Chemotherapy after Surgery Benefits Some Lung Cancer Patients
A new study adds to growing evidence that patients with non-small-cell lung cancer (NSCLC) may benefit from a course of chemotherapy after their tumors have been removed surgically.
Patients who received chemotherapy as early as possible following surgery lived significantly longer than similar patients who had surgery alone, according to findings in the June 23 New England Journal of Medicine (NEJM).
After 5 years, 69 percent of the patients who had surgery and chemotherapy were alive, as compared to 54 percent of the surgery-alone group. Overall, the median survival for the chemotherapy and surgery group was 94 months as compared to 73 months for patients in the surgery-alone group. Read more
Guest Update by Dr. Dinah Singer
Protein Structures: A Key to Unknown Treasures
It took Dr. Max Perutz 22 years to determine the structure of hemoglobin, for which he was awarded the Nobel Prize in 1962. Today, thanks to extraordinary technological advances, including advances in x-ray crystallography techniques initially developed by Dr. Perutz, some protein structures can now be determined in a matter of hours. And, as we are learning, this research is becoming an essential component of developing new cancer treatments.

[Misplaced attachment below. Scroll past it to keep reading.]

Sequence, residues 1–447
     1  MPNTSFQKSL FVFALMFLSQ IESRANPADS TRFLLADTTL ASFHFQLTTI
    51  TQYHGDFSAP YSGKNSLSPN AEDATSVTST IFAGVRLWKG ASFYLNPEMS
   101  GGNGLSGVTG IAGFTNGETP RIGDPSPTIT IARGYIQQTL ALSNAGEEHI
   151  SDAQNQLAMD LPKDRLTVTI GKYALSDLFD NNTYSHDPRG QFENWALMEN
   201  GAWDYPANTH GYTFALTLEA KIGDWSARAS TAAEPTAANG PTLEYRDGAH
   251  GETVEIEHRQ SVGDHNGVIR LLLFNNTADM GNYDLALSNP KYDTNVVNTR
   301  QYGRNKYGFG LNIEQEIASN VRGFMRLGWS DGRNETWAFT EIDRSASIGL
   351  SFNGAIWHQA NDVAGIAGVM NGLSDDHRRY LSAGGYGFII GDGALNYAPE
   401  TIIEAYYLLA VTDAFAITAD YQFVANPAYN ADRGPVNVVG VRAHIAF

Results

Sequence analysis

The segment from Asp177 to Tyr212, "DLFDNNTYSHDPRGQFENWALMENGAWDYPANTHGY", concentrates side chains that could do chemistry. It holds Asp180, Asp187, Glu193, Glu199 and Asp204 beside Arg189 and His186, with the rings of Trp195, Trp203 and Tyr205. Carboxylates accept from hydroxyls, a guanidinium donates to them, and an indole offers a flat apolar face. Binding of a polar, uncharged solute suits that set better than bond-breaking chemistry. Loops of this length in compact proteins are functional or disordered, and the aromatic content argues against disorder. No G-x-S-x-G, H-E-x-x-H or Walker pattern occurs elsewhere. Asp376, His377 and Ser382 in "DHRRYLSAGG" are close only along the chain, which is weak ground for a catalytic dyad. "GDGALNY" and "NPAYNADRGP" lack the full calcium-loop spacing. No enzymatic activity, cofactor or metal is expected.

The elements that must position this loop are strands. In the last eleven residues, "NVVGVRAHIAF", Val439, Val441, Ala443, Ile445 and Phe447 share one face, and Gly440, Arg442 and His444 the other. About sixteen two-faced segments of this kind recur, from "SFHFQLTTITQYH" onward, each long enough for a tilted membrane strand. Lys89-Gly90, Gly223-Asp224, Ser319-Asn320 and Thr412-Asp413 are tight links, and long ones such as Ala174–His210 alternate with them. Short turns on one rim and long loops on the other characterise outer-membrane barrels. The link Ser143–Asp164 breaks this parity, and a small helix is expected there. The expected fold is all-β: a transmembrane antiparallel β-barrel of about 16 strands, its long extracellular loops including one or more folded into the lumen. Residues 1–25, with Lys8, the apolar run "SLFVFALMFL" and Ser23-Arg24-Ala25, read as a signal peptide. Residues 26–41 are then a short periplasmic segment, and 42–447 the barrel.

Yesterday, at the U.S. Department of Energy's (DOE) Argonne National Laboratory outside of Chicago, a ceremony was held to dedicate the first of three new macromolecular crystallography beamlines at Argonne's Advanced Photon Source (APS) synchrotron. This synchrotron produces the most powerful radiation in the Western Hemisphere. The National Cancer Institute (NCI) teamed with the National Institute of General Medical Sciences (NIGMS) and DOE to fund the beamlines' construction and took a lead role in facilitating the construction process. As part of our partnership with NIGMS, NCI receives dedicated time on the beamlines for its researchers. Read more